I strongly encourage readers to read the article posted earlier in the comments section of this post about the Piraha tribe in South America. This is really mind boggling perplexity to me. How would you teach "truth" to these people. It would be impossible for anyone in their culture to understand the history and the culture of the Scriptures. That would mean that they can't know truth. But I think they can “know” truth. Just in a different way. It may be in some way that I can never comprehend. But I think that they can (maybe already do) have a relationship with God, and therefore with truth.

whew ... long comment. Sorry. I will just say that I don't have all the answers. I never will. I am just a common man. And I don't say that anyone at an any particular church is particularly wrong in their understanding. I’m just saying they don’t have all the answers either. I just ask all Christians to allow people to work out their faith without thinking that we must control it. I can't control someone's relationship with Jesus or God anymore than I can control the relationship between another man and his wife. The gospel of Jesus is a powerful thing. And I believe it alone is powerful enough to change others without my help. As of now, I think it is my job to introduce others to Jesus through my life of living in the kingdom. It is not my job to dictate their relationship/understanding with Jesus (i.e. understanding of truth).

Thanks again for your comments, Dawn. I know that my thoughts here may not completely address your questions and comments. These are just thoughts that I had while reading your comments because they are things I am seeking after at this point in my life.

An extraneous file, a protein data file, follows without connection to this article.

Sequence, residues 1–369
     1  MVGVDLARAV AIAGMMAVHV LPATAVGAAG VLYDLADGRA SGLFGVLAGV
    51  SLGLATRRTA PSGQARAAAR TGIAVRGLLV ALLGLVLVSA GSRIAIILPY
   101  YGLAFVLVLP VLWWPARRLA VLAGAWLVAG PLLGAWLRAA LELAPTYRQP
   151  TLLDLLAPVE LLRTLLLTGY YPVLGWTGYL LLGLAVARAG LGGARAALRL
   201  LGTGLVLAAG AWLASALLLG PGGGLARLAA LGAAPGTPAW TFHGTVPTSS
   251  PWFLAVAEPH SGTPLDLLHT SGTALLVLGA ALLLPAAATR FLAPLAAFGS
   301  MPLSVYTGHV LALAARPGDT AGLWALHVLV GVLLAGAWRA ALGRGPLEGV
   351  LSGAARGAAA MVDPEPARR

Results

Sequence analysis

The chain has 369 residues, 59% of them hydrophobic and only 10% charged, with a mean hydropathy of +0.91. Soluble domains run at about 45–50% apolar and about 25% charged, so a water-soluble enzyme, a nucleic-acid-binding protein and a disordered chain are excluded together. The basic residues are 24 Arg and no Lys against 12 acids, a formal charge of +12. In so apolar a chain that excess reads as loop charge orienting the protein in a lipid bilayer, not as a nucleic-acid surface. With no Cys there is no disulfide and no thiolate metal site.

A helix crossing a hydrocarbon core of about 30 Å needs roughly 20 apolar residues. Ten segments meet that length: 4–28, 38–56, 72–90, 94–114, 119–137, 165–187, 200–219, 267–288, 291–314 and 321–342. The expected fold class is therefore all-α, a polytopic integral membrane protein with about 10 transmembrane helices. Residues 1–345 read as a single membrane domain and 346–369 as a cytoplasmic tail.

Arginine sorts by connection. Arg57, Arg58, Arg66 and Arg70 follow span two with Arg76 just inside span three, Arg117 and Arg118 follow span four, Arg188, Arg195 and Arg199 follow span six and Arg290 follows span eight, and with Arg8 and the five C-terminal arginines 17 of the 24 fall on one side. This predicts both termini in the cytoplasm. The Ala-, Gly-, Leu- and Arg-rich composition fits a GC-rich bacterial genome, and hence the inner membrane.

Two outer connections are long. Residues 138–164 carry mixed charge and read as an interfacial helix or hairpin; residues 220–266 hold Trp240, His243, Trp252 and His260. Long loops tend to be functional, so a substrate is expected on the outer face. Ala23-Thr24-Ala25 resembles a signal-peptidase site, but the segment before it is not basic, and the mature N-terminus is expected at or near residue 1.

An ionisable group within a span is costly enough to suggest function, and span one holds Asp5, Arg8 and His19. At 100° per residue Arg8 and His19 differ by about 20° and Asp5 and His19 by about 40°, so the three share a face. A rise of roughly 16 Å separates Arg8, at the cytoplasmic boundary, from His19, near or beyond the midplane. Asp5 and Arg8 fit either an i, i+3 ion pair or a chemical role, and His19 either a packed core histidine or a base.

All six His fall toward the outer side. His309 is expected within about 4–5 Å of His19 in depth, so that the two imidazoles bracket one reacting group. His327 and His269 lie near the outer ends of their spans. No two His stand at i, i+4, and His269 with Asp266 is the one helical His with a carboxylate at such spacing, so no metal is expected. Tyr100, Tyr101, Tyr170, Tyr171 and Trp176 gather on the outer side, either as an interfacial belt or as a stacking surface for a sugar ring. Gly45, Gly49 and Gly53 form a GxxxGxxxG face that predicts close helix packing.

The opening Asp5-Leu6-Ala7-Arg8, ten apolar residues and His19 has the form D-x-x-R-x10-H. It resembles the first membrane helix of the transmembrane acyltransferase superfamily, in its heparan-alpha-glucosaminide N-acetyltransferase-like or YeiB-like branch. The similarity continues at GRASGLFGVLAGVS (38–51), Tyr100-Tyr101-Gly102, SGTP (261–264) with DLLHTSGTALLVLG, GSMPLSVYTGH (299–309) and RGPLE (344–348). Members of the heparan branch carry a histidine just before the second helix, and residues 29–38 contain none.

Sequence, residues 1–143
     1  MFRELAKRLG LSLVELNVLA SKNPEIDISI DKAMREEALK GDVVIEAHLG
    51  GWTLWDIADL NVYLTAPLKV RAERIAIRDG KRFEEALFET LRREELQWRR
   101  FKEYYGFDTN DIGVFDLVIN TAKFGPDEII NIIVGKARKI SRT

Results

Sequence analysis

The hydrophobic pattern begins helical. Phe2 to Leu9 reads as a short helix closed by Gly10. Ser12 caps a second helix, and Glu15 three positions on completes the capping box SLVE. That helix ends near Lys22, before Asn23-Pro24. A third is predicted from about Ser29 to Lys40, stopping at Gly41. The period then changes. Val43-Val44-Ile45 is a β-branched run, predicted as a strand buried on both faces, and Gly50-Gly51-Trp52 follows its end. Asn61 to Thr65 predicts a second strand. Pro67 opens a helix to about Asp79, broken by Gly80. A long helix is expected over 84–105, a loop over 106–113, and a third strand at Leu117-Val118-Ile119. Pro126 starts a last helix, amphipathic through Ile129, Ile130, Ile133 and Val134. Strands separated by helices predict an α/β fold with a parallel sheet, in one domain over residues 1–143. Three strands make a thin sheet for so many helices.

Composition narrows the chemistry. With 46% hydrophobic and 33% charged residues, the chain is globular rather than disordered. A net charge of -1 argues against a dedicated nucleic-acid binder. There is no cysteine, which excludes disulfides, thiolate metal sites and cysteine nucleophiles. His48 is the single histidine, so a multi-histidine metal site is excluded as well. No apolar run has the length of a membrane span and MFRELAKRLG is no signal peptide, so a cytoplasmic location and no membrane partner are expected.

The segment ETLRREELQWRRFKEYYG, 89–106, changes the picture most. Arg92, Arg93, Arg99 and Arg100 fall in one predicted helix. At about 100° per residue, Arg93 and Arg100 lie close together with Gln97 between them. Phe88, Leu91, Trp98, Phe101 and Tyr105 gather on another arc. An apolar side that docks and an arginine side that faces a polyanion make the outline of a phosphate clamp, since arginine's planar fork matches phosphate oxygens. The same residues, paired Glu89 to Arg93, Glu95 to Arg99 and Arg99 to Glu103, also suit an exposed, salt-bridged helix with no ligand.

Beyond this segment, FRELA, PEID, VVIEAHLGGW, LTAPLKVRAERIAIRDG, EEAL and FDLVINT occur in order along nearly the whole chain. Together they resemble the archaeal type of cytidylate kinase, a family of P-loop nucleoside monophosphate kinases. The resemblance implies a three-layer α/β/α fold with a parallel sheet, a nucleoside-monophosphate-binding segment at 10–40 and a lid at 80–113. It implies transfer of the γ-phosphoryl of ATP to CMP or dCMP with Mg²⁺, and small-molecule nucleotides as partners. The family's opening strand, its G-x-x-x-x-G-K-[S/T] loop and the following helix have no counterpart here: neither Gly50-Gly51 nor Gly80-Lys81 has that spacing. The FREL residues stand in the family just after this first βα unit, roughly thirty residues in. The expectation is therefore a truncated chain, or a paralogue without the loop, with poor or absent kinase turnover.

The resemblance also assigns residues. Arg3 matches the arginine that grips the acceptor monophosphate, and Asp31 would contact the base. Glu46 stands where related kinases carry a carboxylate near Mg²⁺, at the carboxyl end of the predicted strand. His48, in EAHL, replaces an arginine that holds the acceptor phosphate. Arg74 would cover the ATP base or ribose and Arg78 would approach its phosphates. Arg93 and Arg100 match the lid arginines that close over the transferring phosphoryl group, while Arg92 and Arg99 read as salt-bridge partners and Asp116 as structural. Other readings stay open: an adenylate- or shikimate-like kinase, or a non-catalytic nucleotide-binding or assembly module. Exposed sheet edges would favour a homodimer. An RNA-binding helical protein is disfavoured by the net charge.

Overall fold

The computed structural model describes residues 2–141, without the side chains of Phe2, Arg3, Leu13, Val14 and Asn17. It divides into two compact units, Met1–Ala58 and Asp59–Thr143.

Dawn Steele said...

Adam, thanks for your response and thoughts. I agree that as humans, we can never fully comprehend God. Francis Chan in his book Crazy Love says that if God represents all the oceans on the earth and I represent a soda can, it's foolish to think that I can contain all of who God is in my one little can. 1 John tells us that it's not yet revealed who we shall be, but when He (Jesus) is revealed we will be like Him for we will see Him as He is. And as you already mentioned, Paul tells us that we see through cloudy glass now, but one day we will know Him definitively.

The Bible tells us in the Psalms that God reveals Himself in His creation and Paul tells us in Romans that God is able to communicate to those in different cultures and regions through His creation and reveal Himself to those who would seek Him. I would also agree with you that in any relationship we can never fully "know" anyone. I will never completely know everything about my husband and you're right - in our limited capacity, we can never fully know God. We must be committed to a relationship with God, through Jesus, in order to learn about Him (and ourselves in the process).

And though I don't believe that the Bible is a scientific "text book", I do believe that it is the most definitive way that we can learn about God. It reveals truth about God's character and standards and my nature and thus my need for Him.

The article on the Piraha tribe is very interesting, and while I agree that there are concepts and pictures that we could never communicate to them because they would have no context in which to understand them, there are still basic truths about God and His character and our nature and position in response to God that should be translatable.